United States President Barack Obama makes a statement to the press about the hurricane season at the Federal Emergency Management Agency (FEMA) on May 31 in Washington, D.C. Getty Images

You might want to reconsider your upcoming vacation to the Keys. The National Oceanic and Atmospheric Administration updated its forecast for the 2016 hurricane season on Thursday, and the Atlantic Ocean is still looking active, with a "higher likelihood of a near-normal or above-normal season," the NOAA wrote in a news release. It could be on track to have the busiest few months in four years.

Meteorologists think there's a 70 percent chance the Atlantic will see up to 17 storms so strong they get named and up to eight hurricanes. Between two and four of those could be major hurricanes.

"We’ve raised the numbers because some conditions now in place are indicative of a more active hurricane season, such as El Niño ending, weaker vertical wind shear and weaker trade winds over the central tropical Atlantic, and a stronger west African monsoon," forecaster Gerry Bell said in the release. He added that La Niña, which is a cold water climate pattern, wasn't likely to influence the hurricanes much.

Wunderground calls August "the peak of hurricane season," which in the Atlantic runs from June through November. So far this year, there have been five named storms: Alex, Bonnie, Colin, Danielle and Earl. Only Alex and Earl were hurricanes.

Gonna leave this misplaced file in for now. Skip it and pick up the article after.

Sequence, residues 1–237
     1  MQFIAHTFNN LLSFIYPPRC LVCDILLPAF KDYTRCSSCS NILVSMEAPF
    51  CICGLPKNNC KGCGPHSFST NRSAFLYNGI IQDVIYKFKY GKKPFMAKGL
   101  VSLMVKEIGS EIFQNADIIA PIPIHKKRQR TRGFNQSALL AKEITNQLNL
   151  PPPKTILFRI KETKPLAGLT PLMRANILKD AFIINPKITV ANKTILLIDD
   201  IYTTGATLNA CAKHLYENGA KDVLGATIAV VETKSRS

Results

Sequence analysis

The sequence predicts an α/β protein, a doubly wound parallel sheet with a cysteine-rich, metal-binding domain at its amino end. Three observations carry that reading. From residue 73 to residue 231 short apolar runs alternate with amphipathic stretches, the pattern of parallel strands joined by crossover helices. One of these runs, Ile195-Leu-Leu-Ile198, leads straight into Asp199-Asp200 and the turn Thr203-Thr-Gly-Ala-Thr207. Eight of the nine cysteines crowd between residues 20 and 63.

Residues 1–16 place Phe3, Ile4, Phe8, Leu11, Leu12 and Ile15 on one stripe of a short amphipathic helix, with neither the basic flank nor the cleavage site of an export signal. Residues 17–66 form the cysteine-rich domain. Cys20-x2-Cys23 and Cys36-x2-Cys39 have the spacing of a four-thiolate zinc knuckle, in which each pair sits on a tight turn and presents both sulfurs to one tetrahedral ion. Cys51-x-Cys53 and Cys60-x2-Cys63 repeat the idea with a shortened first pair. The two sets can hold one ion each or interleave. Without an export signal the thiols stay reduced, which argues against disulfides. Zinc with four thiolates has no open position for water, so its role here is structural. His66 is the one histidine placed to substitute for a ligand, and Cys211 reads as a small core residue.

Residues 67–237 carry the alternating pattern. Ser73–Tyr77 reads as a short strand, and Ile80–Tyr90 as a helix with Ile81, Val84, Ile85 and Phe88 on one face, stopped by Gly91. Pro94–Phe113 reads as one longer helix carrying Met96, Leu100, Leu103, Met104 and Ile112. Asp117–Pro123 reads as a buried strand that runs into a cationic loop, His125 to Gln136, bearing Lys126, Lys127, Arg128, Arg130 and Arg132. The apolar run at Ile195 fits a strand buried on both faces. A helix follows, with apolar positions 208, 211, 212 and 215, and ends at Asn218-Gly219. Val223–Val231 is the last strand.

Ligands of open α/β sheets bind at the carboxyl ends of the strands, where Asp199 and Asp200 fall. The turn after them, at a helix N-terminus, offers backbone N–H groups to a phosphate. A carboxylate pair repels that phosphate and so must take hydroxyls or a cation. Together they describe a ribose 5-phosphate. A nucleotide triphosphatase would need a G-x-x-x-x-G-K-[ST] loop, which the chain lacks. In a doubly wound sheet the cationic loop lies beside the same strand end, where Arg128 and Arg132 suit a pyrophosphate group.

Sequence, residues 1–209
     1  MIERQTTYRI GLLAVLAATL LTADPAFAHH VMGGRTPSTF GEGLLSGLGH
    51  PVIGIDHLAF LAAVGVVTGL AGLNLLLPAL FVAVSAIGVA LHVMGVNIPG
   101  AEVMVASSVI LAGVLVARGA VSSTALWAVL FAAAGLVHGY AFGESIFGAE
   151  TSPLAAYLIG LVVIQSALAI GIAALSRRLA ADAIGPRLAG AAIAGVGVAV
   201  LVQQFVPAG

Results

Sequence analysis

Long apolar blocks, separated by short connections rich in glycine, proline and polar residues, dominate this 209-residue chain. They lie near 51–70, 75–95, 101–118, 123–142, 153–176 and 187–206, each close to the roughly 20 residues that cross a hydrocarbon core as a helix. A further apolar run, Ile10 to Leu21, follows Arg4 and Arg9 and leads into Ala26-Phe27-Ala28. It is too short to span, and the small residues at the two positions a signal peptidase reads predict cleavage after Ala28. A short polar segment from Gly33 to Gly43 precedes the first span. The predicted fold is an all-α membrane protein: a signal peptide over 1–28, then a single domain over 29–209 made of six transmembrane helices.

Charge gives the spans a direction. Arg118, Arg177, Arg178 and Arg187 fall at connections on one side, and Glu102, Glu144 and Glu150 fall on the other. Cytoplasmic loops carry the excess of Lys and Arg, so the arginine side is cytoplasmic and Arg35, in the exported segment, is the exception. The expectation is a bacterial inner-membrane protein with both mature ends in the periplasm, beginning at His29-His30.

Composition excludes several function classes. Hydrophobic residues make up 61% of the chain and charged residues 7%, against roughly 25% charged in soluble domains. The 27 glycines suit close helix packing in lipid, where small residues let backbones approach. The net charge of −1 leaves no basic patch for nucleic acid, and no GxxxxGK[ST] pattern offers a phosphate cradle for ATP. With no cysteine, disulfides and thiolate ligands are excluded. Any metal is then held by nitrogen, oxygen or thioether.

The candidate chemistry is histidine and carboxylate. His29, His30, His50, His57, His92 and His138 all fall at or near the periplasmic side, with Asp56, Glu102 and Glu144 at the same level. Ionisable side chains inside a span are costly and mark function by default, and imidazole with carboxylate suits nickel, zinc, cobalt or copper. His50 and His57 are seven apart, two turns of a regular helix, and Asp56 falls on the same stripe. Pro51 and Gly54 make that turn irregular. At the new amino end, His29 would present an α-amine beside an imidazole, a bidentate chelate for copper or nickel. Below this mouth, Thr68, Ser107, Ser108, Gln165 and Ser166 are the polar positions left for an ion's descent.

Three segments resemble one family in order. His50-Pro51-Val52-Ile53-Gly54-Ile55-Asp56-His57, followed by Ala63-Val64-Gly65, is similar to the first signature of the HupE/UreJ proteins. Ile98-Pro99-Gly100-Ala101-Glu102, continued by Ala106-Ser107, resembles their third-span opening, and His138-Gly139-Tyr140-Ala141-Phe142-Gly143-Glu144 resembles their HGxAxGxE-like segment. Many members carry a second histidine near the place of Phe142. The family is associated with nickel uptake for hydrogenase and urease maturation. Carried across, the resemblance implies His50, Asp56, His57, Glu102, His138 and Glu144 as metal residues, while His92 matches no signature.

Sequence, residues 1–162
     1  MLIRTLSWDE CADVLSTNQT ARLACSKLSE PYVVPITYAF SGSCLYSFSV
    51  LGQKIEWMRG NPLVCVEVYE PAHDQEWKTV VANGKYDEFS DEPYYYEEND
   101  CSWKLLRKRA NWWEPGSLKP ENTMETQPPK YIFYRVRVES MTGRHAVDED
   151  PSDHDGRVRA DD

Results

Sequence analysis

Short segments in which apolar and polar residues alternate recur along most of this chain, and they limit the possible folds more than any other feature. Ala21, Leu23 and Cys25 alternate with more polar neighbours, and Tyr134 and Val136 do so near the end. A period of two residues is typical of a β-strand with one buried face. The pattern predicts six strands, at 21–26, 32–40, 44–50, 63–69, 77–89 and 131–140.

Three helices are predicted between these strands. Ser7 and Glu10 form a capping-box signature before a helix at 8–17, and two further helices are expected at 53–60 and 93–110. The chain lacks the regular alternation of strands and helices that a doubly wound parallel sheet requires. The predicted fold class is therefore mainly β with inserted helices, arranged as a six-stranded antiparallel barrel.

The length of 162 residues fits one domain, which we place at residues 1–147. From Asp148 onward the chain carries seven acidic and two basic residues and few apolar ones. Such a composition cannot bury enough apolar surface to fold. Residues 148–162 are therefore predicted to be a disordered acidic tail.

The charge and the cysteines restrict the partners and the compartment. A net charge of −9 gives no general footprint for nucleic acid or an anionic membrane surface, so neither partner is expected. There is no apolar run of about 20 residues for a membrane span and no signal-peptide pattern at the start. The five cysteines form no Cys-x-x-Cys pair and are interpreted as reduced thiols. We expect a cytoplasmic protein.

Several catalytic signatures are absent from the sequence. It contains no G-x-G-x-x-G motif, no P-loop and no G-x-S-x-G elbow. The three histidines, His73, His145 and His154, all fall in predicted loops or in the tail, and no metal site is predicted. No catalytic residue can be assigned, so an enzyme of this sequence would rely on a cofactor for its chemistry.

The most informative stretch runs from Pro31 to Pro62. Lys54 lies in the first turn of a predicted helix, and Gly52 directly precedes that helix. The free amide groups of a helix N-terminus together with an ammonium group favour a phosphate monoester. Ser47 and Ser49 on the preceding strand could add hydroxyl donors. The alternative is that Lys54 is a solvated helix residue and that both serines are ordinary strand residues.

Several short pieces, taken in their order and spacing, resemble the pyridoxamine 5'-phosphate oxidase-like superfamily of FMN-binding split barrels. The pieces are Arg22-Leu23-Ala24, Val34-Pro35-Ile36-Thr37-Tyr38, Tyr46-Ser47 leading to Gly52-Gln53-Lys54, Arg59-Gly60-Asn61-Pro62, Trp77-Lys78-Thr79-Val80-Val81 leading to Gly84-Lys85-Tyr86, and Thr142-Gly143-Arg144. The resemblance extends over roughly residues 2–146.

Colorado State University's Tropical Meteorology Project has updated its predictions, as well. On Aug. 4, the researchers confirmed that they thought the Atlantic would have a "near-average" season, with 11 named storms and five hurricanes — two of them major.

But Philip J. Klozbach, the author of the project's forecast report, warned people not to get complacent. "As is the case with all hurricane seasons, coastal residents are reminded that it only takes one hurricane making landfall to make it an active season for them," he wrote. "They should prepare the same for every season, regardless of how much activity is predicted."

Tropical Storms and Hurricanes in the Atlantic Basin | WeatherDB

In order to prepare for a hurricane, you should:

  • figure out how a storm could affect you home in terms of flooding or wind
  • develop an emergency family plan
  • keep gas tanks full and prescriptions stocked
  • put together a supply kit with gallons of water, flashlights, nonperishable foods and cell phone chargers
  • and take cues from local authorities